Still Attacking Life
Of the four Major championships on the golfing calendar, looking back into history is a popular pastime and given there have been 146 of them to savour, the selection of memories is greatest at The Open Championship.
Jordan Spieth will defend the Claret Jug at the 147th Open at the Carnoustie links, which last hosted the Championship in 2007 when Ireland’s Padraig Harrington won the first of consecutive Opens in a playoff over Sergio Garcia.
Harrington’s title defence 10 years ago was sealed when an imperious five-wood came to rest just a handful of feet from the hole at the 17th, the ensuing eagle placing the final nail in the coffin of the sentimental bid by Australian Greg Norman for a third Open title.
The-then 53-year old, very much the part-timer at this point in his career, had wowed the golfing world with his play and took the lead into the final nine holes only to succumb to the buffeting conditions and the brilliance of Harrington’s play.
As he sits down to watch the 2018 Open, Norman may rue what could have been had Carnoustie not been missing from the rota for the peak years of his career. The gap between the 1975 (Norman debuted in 1977) and 1999 stagings robbed one of the greatest drivers of the ball in history the prospect of adding to his Claret Jug haul at the links ranked the toughest test on the rota.
It’s now been 20 years since Norman recorded his last four-round tournament victory, ironically in his own event - the Greg Norman International – at The Australian Golf Club in Sydney, where Norman shot 18-under to eclipse a heroic final hole challenge by Jose Maria Olazabal.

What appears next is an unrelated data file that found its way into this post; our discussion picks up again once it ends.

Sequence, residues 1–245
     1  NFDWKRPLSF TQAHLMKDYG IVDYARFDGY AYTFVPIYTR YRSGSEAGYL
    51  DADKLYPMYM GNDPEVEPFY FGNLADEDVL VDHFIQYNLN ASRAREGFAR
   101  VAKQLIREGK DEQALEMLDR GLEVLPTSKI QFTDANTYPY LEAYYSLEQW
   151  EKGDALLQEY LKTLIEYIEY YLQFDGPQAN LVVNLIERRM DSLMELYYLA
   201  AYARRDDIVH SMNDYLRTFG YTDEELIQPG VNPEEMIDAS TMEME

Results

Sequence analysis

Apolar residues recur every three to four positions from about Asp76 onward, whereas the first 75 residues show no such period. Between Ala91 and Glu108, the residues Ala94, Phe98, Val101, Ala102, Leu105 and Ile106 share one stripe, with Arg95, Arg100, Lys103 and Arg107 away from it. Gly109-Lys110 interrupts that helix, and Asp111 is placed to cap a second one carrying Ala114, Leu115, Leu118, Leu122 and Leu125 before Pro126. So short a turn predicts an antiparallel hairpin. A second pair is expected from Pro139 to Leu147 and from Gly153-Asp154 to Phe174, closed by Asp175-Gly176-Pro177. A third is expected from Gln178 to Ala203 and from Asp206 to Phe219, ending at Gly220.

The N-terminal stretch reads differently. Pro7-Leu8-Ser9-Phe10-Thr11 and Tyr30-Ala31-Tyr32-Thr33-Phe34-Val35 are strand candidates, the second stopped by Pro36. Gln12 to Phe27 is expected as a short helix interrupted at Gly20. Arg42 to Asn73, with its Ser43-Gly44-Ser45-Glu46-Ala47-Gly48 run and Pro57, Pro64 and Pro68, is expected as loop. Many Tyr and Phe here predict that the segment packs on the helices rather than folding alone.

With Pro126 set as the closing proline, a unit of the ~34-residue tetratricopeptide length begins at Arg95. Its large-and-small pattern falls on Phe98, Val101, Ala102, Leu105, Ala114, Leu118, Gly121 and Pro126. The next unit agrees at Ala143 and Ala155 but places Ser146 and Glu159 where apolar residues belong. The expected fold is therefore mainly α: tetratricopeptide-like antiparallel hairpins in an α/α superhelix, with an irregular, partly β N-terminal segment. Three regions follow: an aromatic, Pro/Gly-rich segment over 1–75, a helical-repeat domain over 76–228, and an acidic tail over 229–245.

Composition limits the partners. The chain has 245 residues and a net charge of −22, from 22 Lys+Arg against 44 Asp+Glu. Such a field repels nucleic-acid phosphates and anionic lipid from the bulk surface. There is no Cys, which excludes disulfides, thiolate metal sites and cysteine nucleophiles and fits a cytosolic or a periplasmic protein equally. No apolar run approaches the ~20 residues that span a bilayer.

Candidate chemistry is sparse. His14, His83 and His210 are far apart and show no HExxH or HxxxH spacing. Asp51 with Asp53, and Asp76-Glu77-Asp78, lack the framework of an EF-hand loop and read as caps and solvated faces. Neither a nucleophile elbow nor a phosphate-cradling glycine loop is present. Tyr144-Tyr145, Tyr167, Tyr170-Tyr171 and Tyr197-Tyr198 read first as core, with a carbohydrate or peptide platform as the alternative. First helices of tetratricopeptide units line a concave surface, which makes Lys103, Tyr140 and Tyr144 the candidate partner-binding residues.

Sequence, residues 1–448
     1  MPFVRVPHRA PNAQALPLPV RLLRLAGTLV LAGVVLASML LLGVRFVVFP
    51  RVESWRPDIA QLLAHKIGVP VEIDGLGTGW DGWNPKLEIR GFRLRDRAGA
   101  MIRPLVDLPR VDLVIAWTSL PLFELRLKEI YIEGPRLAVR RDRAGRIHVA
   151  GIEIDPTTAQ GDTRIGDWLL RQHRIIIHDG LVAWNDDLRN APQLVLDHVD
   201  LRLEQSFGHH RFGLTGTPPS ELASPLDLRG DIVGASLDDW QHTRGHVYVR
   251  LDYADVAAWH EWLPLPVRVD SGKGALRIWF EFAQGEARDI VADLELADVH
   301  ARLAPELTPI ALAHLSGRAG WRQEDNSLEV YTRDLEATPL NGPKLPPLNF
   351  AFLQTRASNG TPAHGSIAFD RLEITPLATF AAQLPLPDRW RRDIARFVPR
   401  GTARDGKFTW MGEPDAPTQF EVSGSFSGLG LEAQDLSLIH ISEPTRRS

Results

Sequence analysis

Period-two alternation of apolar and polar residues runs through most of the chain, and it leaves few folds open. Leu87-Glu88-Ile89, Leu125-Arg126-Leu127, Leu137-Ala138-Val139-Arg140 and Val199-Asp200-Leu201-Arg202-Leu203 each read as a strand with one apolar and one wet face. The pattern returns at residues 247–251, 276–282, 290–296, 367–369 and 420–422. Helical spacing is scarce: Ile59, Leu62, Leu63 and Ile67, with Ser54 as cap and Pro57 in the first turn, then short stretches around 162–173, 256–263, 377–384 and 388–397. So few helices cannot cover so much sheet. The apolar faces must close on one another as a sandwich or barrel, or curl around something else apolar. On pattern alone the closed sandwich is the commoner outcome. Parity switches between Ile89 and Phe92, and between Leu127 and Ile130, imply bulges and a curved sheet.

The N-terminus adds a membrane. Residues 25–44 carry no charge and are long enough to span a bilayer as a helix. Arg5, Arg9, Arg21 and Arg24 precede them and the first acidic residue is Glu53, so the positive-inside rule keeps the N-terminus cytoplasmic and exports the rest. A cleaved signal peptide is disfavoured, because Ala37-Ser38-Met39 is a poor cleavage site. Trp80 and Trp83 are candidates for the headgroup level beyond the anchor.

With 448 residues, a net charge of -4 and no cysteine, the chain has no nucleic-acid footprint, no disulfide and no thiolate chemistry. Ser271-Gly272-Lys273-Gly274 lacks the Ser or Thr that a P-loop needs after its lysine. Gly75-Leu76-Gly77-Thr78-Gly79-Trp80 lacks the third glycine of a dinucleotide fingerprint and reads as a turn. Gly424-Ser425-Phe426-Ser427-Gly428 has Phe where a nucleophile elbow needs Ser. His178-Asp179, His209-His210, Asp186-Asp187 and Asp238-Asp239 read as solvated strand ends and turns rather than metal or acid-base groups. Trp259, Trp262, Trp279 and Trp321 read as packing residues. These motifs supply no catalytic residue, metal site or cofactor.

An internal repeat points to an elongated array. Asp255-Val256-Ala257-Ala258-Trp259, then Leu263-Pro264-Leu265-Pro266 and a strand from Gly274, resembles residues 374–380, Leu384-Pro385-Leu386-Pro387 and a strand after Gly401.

Tournament appearances thereafter started to become more and more spasmodic as business, family and perhaps waning desire impacted his willingness to put his body through the work he deemed necessary to perform at the highest level.
Unlike others of Norman’s generation, the Champions Tour failed to provide significant motivation when Norman turned 50 in February 2005. While he did play sporadically, Norman contested just 13 Senior events, the last of which was in 2012. It’s safe to say that cue is well and truly in the rack.
When Norman decided that millions of balls on from those days on the range at Royal Queensland under the watchful eye of mentor Charlie Earp, staying thousands of nights away from home and logging countless air miles that he was going to walk, he walked. Other than the odd appearance at unofficial team events, he harbours absolutely no regrets about that decision.
“No, not one at all,” he laughed “My timing was right and how I did it was perfect.”
Of the many principles and values that Greg Norman documents in his 2006 autobiography Greg Norman - The Way of the ‘Shark’, it’s perhaps the final listing: ‘Attack Life’ that best depicts the on and off course persona of Norman throughout the years.
It’s a mantra Norman has lived out in full from teenage years surfing and diving, an aggressive approach to his golf that took him to two Majors, 91 professional victories and 331 weeks atop the world rankings, to well-documented off course pursuits that included fleets of fast cars, private jets, luxury yachts, 12,000 acre Colorado ranches and the unflagging energy he has tipped into creating a diverse and enduring business empire.
Keeping up with the Shark, even at age 63, is still as challenging as it’s ever been. I spoke to Norman recently after wife Kirsten (‘Kiki’) and he had landed in Cabo del Sol, Mexico, to oversee yet another golf course/real estate development bearing his name and brand. Much to Norman’s delight, Kiki now works cheek and jowl alongside her husband handling the interior design for all Greg Norman-branded real estate.
The couple were only days removed from what Norman called a ‘very educational and informative’ vacation to Israel, Norman’s first visit to that country, which is hard enough in itself to believe given the rampant, globetrotting life he’s led since bursting on to the scene in the 70s.